UNI faculty says ‘yes’ to supporting diversity

NICK FISHER, Executive Editor

Following multiple student-only and open forums on issues of diversity and discrimination, the UNI Faculty Senate endorsed a statement in support of diversity and inclusion on Dec. 14.

“As a community of scholar-teachers we respect all members of the University and community by actively embracing the diversity of people of different ethnicities, colors, cultures, sexual orientations, political affiliations, religious beliefs and abilities,” the statement reads. “We support programs, policies and respectful dialogs [sic] that promote inclusion, equity, mutual understanding and freedom of thought and speech.”

The endorsement of the statement followed what chair of the Faculty Senate and professor of biology, Steve O’Kane, dubbed a “teach-in” on diversity and inclusion practices at UNI and the surrounding Cedar Valley.

Senior philosophy major and NISG director of diversity and student life, Hansen Breitling, spoke on behalf of students facing discriminatory behavior and/or hurtful speech.

“Where do students face issues? It’s everywhere,” Breitling said. “It’s when you’re coming in from Admissions. It’s living in the residence hall. It’s when you go to classes. It’s when you go home. So it’s all the time. It’s constant.”

Breitling devoted much of his time to informing faculty of examples of “ignorant” or hurtful comments made to minority students in the classroom that he said often go unaddressed by faculty.

“Students again and again say that comments are made, things are said, questions are asked and instead of seeing these times as educational opportunities, they just get glossed over and that silence hurts,” Breitling said.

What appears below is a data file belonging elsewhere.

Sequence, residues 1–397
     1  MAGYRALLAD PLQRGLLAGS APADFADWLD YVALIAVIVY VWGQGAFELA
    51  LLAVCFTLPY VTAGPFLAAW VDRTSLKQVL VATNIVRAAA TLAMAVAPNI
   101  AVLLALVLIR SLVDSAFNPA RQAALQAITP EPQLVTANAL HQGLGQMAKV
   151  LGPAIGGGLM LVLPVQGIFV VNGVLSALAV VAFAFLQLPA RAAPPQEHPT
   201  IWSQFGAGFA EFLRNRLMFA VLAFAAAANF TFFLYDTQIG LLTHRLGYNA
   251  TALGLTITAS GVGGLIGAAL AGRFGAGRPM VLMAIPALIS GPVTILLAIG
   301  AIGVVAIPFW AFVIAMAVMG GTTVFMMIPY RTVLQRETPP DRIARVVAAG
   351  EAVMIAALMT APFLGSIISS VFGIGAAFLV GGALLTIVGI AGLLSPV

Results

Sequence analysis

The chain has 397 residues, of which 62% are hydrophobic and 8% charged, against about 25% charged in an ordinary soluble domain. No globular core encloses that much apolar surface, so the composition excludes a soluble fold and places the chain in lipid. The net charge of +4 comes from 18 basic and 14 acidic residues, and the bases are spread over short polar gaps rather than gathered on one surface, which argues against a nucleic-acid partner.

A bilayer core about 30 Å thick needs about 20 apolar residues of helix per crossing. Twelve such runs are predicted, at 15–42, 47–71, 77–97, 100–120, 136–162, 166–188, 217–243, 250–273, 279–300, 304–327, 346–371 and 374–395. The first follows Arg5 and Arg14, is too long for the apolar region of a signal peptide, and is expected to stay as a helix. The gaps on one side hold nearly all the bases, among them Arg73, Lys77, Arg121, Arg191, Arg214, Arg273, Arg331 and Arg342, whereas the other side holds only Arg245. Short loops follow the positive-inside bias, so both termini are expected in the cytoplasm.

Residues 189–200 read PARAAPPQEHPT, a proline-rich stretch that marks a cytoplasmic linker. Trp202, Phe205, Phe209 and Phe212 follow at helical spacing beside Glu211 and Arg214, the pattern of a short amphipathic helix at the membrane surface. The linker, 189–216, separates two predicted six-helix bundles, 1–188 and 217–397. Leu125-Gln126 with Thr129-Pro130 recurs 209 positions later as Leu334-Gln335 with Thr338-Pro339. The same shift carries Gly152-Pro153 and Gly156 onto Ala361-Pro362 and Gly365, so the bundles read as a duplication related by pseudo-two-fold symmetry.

Breitling described an instance in which the class was peer-assessing prospective paper topics and an African American student received feedback on her proposed topic dealing with racial injustice when a student said: “I don’t know why you keep talking about it [racial injustice]. You’re not in the cotton fields anymore, so why do you keep bringing it up?”

O’Kane and other faculty senators said that faculty might not know how to handle every situation and may gloss over the comment not out of apathy, but out of not knowing a nuanced statement to guide the discussion toward a “teachable moment.”

Scott Peters, political science associate professor, said he believed he would recognize that moment as such, but might not know what to say.

“I’d like to think that I know the exact way to cut to, to deal with the situation … but would I actually get in that zone that allows us to make some progress as a class and move the needle a little bit? I’m not sure,” Peters said. “I might be so taken aback or so stunned or something that I can’t guarantee that in the moment I would do that.”

UNI Provost Jim Wohlpart said that he is interested in “finding the leverage points” at the systemic level to create changes. He identified a proposed measure, a New Faculty Colloquium, as one such point. This initiative would provide professional development to incoming assistant professors that would include strategies to address inclusion issues in the classroom and would brief new professors about the current culture at UNI.

Reverend Abraham Funchess, executive director of the Waterloo Human Rights commission, spoke about perceptions of UNI outside of UNI, particularly in Waterloo.

Funchess said many in the Waterloo community see UNI as disconnected, and referred to a UNI professor who writes “Donald Trump-esque” columns for the W-CF Courier without rebuttal by other UNI professors.

Robert Smith, director of the Educational Opportunity Programs and Special Community Services (UNI CUE), spoke about his work with education majors in handling complex diversity issues raised in the classroom, among other things.

Wohlpart concluded by responding to a concern raised by Xavier Escandell about the representation of diverse students in the classroom.

“Let’s make the commitment first, and then let’s work on the recruitment,” Wohlpart said. “Let’s be really honest with those students. Let’s tell them when they come here: ‘We’ve got problems on our campus. This is going to be the hardest place that is going to be for you to be, and the hardest work you’re going to do. I hope you know that you have a partner in that.’”